Alternate History

Axum (The Great Lakes)

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Union of Great Axum
Timeline: The Great Lakes
OTL equivalent: Ethiopia
4500 BC - 2000 BC
Flag of Axum
(and largest city)
Other cities Amhara
Official languages Axumite
 -  Founder Eremias Orkoi
Axum was an early civilisation that was situated around the north and east coasts of Lake Axum in eastern Africa. It was united from local tribes by Eremias Orkoi. It lasted almost two and a half thousand years, from around 4500 BC to the start of the of the second century BC, when internal fighting caused a collapse. It is regarded by historians as one of the earliest 'great' civilisations, and the first to be considered a single state.


The tribes of Axum before its unification by Orkoi were established farming and fishing communities, living under a mutual respect on the shores of Lake Axum, which was slightly larger than today. The rich volcanic soils in the area and teeming lake meant for a strong life in the area. The tribes had occasional dispute from time to time which were usually settled with trade discussions, though at times small skirmishes broke out.

Humans had lived in and around the area as hunter-gatherer tribes for many thousands of years, though it wasn't until the domestication of animals and the arrival of sustainable farming (around 6000 BC) that the tribes settled around the lake in small villages and surrounding fields. The largest of these villages, Axum, from which the tribe, the lake and the eventual kingdom take their names, had an estimated population of two thousand at the time of the unification. 

Askum Carvings (The Great Lakes)

Carvings of a chieftain's wife

Each tribe had a chieftain who would make decisions involving trade and harvests, as well as commanding the armed men of the peoples when necessary. They each held a throne in the largest building in the town, either his home or some sort of ruling palace. Excavations near modern-day Axum in the 1980s uncovered one of these thrones, inlaid with lapis and covered in ornate carvings and markings. One carving appears to show a tribe chieftain's wife, lavishly decorated in jewels.

The Orkoiyot

As populations in the region grew, it was only a matter of time before conflict would arise. The flashpoint was in around 4500 BC, when a prolonged drought led to the failing of crops in the whole region. Food shortages led to the tribes attacking each other to increase their own grain stocks. It is around this time that historical records suggest Eremias the Uplifter began to make a name for himself, commanding the men of the Amhara tribe brilliantly and raiding many villages in the region. Local folklore suggests Eremias took great care to learn the names of each of the men fighting with him and was loved by his men and feared by his enemies. Whatever the true case may be, there is no doubt that was an effective commander, with his actions forcing the other tribes in the region to rely on his village for food. When these villages formed an alliance against him - he ruthlessly beat back their forces and killed every man in the village that instigated the rebellion to send a message.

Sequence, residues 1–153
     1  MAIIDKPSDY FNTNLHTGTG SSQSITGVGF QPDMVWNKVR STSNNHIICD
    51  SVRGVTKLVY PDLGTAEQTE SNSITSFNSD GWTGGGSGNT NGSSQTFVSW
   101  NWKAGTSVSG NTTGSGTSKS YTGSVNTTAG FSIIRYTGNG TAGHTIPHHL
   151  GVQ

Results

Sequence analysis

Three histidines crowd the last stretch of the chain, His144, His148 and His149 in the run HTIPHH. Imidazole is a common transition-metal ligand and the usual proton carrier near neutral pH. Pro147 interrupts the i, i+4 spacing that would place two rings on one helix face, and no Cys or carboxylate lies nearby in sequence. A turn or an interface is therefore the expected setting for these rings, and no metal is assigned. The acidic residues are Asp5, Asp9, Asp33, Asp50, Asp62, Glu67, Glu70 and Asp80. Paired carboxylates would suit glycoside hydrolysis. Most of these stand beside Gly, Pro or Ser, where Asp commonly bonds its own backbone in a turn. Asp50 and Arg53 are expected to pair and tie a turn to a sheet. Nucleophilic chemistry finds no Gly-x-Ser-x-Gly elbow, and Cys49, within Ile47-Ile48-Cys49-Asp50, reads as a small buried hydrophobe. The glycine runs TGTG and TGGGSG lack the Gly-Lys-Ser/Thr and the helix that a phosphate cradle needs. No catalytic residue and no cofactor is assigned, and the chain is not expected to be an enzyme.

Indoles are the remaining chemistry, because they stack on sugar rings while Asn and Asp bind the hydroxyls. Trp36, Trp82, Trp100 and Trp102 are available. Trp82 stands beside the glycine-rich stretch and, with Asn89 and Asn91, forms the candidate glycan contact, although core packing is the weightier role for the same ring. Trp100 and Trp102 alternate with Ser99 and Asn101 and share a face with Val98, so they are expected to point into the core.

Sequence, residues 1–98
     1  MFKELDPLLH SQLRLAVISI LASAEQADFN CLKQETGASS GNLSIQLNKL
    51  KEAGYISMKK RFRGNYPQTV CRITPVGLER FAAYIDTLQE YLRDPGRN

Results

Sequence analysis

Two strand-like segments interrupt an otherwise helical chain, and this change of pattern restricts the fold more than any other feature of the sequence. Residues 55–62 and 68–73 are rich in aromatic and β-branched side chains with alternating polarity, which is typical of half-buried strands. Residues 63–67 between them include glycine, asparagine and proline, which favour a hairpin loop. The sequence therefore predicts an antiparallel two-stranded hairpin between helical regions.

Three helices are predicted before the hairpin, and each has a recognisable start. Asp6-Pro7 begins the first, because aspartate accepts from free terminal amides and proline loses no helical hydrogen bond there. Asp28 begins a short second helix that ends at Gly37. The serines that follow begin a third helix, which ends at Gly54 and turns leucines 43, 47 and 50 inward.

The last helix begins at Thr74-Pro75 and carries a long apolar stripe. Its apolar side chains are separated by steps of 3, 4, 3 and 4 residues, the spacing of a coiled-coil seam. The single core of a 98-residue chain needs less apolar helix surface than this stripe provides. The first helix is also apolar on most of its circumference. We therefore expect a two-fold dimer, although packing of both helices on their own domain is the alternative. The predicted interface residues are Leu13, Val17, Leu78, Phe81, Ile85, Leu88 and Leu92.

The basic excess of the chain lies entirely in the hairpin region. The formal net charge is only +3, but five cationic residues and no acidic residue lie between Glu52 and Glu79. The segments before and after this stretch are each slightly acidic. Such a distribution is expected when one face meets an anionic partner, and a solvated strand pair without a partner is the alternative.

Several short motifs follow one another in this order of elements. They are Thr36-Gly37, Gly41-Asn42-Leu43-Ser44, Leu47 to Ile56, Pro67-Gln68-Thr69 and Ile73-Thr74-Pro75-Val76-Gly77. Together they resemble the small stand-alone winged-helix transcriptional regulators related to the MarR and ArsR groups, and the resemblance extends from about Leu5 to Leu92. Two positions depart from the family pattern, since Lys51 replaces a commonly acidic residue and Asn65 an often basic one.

Soon after the drought, the chieftain of Axum died of unknown causes, and Eremias seized power. With control of the coastal tribes, as well as the most powerful city, already in his hands, he used a combination of superb military prowess and tactful negotiation to unite the Axumite tribes under one name, the Orkoiyot, a word he himself fashioned and a title he took. Through a series of ruthless campaigns, the new Orkoiyot extended the borders of Axum to an unprecedented size, reaching the western reaches of Lake Victoria, and touching the oceans in the north and east. By the end of his conquests, it was the largest nation the world had ever seen.

Eremias was no stranger to diplomacy, and knowing that he needed allies, took a rival chieftain's daughter as wife - thus securing his hold on the region even further. He would have more than half a dozen children survive into adulthood and at his death, aged 61, would leave behind a small but stable state.

Golden Age

Immediately after its unification, Axum grew into an age of great prosperity and riches. Through some ruthless acquisitions through swift raids, by the start of the third millennium BC, Axum controlled the fledgling ivory trade that had links with some Mesopotamian city states, as well as passing through the youthful Egyptian kingdoms.

Furthermore, this time spawned some of the earliest examples of town-planning, developing in parallel to the early cities of Indus, which shared the designed order of Axumite cities. These two civilisations had no links however, so this mirrored development of street plans and town designs was purely coincidence, albeit a fruitful one. Towns were designed with very efficient and effective watering systems, in which water from the lake was siphoned into a series of canals and channels that fed to every house in each town, giving a steady supply of fresh water to the population. However, this supply did not come without a cost, as each Orkoiyot at the time laid claim to all the water of Lake Axum, meaning that a small fee must be paid in order to receive water, as the lock and pump system was controlled by Orkoiyot men. This monopoly over the water supply led to easy suppression of rebellions at many points throughout the history of ancient Axum.

Axum at this time was comprised of a series of townships, surrounded by the large fields that fed the nation. Each of these townships had a chieftain, as of old, yet each was sworn in blood to the Orkoiyot, who held power from lofty Axum on the shores of the lake.

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